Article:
Men Who Lost – and Then Won – Presidential Elections


There’s been a lot of talk about electability and the Democratic presidential primary. Research shows that 8 in 10 voters reject the idea that the country isn’t ready to elect a female president, but there is still a strong connection between perceived electability and gender. As BLFF’s Amanda Hunter sums it up: “When people say it shouldn’t be a woman this time, because a woman lost last time, well, men have been losing the presidency for hundreds of years.”

Not only that – voters are more than willing to elect men who have previously lost elections. Of the last 10 presidents, 3 lost presidential races before going on to be elected Commander in Chief:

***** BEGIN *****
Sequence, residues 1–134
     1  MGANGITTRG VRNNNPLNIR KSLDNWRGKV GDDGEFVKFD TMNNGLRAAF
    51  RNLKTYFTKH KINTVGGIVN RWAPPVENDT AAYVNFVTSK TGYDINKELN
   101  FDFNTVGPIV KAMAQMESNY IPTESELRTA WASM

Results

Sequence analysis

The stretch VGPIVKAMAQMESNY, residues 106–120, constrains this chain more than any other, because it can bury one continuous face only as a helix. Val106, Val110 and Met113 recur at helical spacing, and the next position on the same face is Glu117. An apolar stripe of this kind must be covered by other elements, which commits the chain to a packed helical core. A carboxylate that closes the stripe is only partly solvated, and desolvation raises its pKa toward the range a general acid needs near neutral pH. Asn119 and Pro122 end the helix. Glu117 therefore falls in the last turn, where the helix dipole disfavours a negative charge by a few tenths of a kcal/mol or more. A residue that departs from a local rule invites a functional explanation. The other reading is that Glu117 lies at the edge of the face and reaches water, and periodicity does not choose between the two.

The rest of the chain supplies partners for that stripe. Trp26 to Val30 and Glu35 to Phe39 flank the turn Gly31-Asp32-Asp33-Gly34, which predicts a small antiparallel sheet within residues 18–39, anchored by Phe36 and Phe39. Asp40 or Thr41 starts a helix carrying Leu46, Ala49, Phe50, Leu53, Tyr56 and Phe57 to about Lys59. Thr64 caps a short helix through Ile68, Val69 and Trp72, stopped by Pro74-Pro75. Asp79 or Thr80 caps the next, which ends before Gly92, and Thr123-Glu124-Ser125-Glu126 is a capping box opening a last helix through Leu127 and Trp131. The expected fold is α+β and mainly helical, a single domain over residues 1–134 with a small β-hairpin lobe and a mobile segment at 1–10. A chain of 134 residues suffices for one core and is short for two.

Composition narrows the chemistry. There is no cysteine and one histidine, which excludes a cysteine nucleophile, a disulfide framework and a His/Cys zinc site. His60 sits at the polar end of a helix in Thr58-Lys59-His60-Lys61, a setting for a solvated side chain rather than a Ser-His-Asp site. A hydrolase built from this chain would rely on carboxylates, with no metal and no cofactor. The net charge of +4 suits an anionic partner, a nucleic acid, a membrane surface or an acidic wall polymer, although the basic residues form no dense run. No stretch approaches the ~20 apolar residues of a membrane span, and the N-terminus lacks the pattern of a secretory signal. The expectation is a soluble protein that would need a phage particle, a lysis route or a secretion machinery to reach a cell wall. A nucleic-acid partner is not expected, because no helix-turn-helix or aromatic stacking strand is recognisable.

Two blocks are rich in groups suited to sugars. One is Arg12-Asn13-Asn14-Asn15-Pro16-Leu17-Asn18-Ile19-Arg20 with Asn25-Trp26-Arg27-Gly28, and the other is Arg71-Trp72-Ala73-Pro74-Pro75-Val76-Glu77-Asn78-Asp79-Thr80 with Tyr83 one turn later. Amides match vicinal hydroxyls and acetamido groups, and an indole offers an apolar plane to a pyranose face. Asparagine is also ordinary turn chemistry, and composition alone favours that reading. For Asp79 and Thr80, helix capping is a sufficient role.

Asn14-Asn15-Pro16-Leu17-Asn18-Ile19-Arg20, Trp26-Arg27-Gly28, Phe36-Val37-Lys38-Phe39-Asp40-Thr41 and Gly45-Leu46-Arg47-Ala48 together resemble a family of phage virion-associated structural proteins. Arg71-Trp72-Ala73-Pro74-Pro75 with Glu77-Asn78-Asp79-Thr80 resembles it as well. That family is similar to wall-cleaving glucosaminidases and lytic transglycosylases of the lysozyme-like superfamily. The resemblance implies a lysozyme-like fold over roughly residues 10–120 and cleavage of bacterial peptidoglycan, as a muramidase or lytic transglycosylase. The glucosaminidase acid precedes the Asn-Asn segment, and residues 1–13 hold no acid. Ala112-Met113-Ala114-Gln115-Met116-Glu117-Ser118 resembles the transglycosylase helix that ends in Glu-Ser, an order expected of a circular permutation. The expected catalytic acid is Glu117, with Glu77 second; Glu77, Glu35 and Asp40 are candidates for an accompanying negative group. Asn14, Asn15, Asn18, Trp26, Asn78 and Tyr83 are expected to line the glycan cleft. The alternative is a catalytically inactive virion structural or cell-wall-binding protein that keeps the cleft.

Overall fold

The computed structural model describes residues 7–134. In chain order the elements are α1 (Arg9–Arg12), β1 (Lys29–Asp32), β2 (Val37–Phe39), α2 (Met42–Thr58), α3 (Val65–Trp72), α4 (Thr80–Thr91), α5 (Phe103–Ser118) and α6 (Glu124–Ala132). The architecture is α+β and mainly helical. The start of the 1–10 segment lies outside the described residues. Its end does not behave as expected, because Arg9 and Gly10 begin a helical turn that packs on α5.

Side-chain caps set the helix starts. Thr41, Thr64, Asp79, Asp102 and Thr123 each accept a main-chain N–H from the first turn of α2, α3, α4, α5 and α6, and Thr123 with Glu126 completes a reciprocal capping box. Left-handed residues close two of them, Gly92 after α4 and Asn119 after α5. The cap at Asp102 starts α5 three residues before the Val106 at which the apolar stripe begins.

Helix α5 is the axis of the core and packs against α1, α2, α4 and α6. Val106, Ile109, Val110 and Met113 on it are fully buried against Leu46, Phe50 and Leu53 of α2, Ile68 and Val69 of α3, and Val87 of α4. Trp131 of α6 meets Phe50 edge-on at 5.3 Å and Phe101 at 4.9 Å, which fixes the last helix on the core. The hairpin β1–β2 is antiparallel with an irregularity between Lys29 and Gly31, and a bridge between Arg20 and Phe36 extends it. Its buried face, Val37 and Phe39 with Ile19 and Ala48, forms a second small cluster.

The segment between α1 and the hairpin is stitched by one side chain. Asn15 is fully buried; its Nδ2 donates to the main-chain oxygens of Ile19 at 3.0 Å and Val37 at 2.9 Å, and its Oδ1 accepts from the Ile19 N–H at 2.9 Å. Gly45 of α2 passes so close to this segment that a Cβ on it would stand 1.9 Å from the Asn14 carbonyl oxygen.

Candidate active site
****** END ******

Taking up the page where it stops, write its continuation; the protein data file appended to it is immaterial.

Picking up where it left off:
• Lyndon B. Johnson: Johnson ran during the Democratic presidential primary in 1960, losing to John F. Kennedy and ultimately becoming Kennedy’s vice-president. Johnson went on to win the 1964 presidential election.
  • Richard M. Nixon: Nixon was the Republican presidential nominee in 1960, and lost the general election to John F. Kennedy. Nixon went on to win the 1969 presidential election.
  • George H.W. Bush: Bush ran during the Republican presidential primary in 1980, losing to Ronald Reagan and ultimately becoming Reagan’s vice-president. Bush went on to win the 1988 presidential election.

Yet, no one questions the “electability” of men. Why? We don’t lump male candidates into one group in the same way we do with women candidates. Men who run for president aren’t automatically compared to every other man who’s ever run, yet it happens to women all the time.

Will having multiple women in the 2020 race change this double standard?

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